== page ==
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of Lake Superior, and equipping it, in order to transport the product of the mines to market, and the construction of sufficient dock and harbor facilities for vessels to receive it at the water's edge. Many experienced business 'men, consulted in regard to the enterprise, drew back from an undertaking fraught with so many and so great dangers. But Mr. Tower's courage was supported by his judgment derived from careful and systematic investigation, and he determined, at the age of seventy-three, to carry out his purpose single-handed. After having acquired title to the lands which contained the ore deposits, and also to a body of land lying upon Lake Superior, known then as Burlington Bay and Agate Bay, which he afterwards called Two Harbors, he formed in 1883 two companies, the “ Minnesota Iron Company” and the “Duluth and Iron Range Railroad Company," the former of which owned the latter. He built the railroad from the mines at Lake Vermilion to Two Harbors, on Lake Superior, seventy miles; erected large docks, round-houses, machine-shops and sawmills, and provided equipment for the transportation of the ore; besides carrying along the development of the mines in order that their product might be ready for shipment at the completion of the railroad. The iron ore lay in veins, tilted into a position almost vertical, extending for more than a mile in a north-easterly and south-westerly direction, and varying in thickness from forty to one hundred and fifty feet. The ore was a hard specular hematite, yielding by analysis sixty-eight per cent. of metallic iron and from thirty-thousandths to fifty-thousandths of phosphorus, free from sulphur and all refractory substance.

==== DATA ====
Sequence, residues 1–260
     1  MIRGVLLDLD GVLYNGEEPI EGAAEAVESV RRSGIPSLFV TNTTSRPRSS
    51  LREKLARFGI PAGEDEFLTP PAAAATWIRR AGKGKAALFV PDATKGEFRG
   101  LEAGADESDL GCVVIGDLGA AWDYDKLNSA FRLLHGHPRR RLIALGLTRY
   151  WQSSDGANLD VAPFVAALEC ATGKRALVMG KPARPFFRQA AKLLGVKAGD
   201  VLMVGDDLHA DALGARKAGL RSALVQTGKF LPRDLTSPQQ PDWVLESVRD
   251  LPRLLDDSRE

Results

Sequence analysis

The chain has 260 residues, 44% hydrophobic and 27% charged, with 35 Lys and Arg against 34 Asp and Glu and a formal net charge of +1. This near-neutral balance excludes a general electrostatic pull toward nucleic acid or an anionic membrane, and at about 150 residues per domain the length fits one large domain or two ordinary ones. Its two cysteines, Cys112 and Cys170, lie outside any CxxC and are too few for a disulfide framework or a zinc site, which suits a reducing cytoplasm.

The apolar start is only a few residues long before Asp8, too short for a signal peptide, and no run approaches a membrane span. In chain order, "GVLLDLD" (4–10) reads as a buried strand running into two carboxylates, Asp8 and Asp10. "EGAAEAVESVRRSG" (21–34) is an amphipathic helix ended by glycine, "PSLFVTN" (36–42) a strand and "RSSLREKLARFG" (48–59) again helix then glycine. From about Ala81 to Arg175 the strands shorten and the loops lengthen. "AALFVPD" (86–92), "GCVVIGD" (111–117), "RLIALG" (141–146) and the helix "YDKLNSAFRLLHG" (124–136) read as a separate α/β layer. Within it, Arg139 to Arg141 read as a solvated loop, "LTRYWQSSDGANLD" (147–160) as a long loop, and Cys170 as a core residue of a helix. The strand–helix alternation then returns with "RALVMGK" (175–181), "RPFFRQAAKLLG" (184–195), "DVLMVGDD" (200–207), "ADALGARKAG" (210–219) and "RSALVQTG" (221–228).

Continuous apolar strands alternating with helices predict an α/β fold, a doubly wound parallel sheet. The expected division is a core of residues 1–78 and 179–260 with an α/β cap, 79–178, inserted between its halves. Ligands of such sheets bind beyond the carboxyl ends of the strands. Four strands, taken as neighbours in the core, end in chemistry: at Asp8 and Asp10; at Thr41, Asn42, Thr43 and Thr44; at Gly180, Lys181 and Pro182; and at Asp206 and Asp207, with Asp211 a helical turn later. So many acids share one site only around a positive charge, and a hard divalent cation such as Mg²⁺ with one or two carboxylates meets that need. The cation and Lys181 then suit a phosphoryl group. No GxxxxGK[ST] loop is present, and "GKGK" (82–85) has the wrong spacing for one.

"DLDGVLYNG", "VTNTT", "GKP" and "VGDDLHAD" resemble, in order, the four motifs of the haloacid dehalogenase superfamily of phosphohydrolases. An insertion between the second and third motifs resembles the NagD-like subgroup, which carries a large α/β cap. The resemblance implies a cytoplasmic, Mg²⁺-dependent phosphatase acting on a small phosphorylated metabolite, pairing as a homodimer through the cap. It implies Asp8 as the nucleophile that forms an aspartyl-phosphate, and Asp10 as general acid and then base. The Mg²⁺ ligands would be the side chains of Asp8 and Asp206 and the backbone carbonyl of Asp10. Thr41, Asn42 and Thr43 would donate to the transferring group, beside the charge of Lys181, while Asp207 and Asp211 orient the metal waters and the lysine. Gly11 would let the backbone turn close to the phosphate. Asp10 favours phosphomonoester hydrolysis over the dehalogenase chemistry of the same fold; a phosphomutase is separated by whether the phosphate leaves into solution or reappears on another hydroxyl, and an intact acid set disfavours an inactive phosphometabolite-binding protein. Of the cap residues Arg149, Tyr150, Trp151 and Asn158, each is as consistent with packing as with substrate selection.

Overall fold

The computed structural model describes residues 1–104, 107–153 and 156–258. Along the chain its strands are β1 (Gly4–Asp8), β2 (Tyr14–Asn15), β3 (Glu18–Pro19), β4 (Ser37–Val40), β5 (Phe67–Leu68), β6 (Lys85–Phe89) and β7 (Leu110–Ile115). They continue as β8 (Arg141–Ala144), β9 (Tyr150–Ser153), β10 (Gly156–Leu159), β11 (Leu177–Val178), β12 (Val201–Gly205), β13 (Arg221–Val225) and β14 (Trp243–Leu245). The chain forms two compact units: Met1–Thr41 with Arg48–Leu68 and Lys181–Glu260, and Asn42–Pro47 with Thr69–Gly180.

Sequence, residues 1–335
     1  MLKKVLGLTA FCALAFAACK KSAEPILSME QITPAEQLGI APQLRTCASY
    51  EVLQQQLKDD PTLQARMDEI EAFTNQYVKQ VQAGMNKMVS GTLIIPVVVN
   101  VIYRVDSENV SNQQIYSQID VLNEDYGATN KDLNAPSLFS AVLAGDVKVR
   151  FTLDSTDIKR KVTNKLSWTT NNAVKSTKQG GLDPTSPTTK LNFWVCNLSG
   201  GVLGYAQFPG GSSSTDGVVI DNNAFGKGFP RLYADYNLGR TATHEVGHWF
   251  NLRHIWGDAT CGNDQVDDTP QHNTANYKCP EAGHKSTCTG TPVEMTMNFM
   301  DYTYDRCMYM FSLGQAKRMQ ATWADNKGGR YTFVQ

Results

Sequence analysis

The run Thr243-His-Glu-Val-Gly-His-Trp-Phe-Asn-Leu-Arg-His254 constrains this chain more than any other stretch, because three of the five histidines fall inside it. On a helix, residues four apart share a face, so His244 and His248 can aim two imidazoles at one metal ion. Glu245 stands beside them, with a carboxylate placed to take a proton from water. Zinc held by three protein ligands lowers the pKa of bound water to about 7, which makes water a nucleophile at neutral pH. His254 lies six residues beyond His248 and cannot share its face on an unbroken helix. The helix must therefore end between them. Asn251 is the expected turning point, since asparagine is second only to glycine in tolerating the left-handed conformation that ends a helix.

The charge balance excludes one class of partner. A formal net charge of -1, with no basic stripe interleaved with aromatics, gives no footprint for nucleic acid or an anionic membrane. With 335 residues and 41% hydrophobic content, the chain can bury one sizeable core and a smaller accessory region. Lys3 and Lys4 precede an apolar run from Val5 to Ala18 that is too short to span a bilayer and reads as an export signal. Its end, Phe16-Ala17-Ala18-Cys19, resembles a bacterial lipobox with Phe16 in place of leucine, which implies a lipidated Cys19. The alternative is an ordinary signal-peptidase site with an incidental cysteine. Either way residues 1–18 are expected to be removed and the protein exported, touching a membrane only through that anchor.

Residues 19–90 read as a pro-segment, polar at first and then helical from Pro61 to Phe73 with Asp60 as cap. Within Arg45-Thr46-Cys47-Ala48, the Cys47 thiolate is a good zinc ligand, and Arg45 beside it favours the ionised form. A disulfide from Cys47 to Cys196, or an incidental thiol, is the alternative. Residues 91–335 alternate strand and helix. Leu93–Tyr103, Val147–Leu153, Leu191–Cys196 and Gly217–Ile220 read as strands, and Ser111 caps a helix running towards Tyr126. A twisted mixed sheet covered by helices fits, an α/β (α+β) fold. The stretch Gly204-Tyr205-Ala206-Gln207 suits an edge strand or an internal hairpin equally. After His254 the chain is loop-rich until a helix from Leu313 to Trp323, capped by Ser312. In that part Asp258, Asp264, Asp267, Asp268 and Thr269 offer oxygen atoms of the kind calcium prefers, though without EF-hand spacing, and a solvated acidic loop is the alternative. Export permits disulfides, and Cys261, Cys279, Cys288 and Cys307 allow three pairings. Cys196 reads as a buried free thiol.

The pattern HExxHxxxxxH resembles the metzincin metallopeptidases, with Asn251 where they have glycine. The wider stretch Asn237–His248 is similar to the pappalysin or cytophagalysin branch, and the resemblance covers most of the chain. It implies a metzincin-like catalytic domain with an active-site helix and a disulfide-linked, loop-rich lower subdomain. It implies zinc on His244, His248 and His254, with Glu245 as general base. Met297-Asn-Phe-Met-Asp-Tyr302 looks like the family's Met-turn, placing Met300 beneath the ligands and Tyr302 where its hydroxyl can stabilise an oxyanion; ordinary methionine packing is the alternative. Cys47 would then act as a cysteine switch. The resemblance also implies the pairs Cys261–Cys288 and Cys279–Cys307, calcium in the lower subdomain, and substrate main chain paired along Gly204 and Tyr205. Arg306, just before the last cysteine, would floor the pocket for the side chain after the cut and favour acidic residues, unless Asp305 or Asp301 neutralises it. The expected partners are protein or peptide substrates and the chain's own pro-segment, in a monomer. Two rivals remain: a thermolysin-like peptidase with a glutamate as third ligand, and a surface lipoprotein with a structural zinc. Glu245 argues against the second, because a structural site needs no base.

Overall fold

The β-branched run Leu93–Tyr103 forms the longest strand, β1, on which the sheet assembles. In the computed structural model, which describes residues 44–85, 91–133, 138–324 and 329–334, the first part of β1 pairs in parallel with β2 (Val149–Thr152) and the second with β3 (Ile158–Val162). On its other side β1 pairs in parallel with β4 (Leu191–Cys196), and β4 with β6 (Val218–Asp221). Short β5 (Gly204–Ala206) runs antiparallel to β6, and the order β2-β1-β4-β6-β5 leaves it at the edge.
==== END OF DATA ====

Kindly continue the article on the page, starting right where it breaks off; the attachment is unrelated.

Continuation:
Mr. Tower carried along this enterprise with vigor and determination until August, 1884, when the railroad was completed and put into operation, and the first shipments of ore were made from Two Harbors to Cleveland. These shipments met with great favor after having been largely distributed among the iron and steel manufacturers of Illinois, Ohio, and Pennsylvania, and almost from its departure, Mr. Tower's enterprise was proved to be successful. The country opened very rapidly, and soon after a considerable town, called Tower, grew up on the shore of Lake Vermilion, and another at Two Harbors; whilst along the line of the railroad, lumbering interests, the quarrying of granite, and various industries sprang up with the increase of population. In 1886 the railroad line was constructed along the shore of Lake Superior, twenty-seven miles, to Duluth. The annual shipments of ore from the mines at Tower, which in 1884, at the opening of the railroad, were sixty-eight thousand tons, increased in 1885 to two hundred and twenty-five thousand tons, in 1886 to three hundred thousand tons, and in 1887 to four hundred thousand tons. This industry, planted by the energy and courage of a single man in a remote and difficult country, placed the State of Minnesota, hitherto unknown as a mineral-producing district, in the space of four years among the foremost iron markets of the United States, employed fifteen hundred men in its mines, and gave support, directly and indirectly, to more than five thousand people. It is not too much to say that this was one of the most remarkable developments ever made in the United States. Its value to Minnesota, and indeed to the whole country of the North-west, in the benefits that are likely to be derived from it, are almost incalculable. Mr. Tower in it erected a proud monument to himself as a man and a benefactor of his fellow-man that will endure and grow greater as time goes on.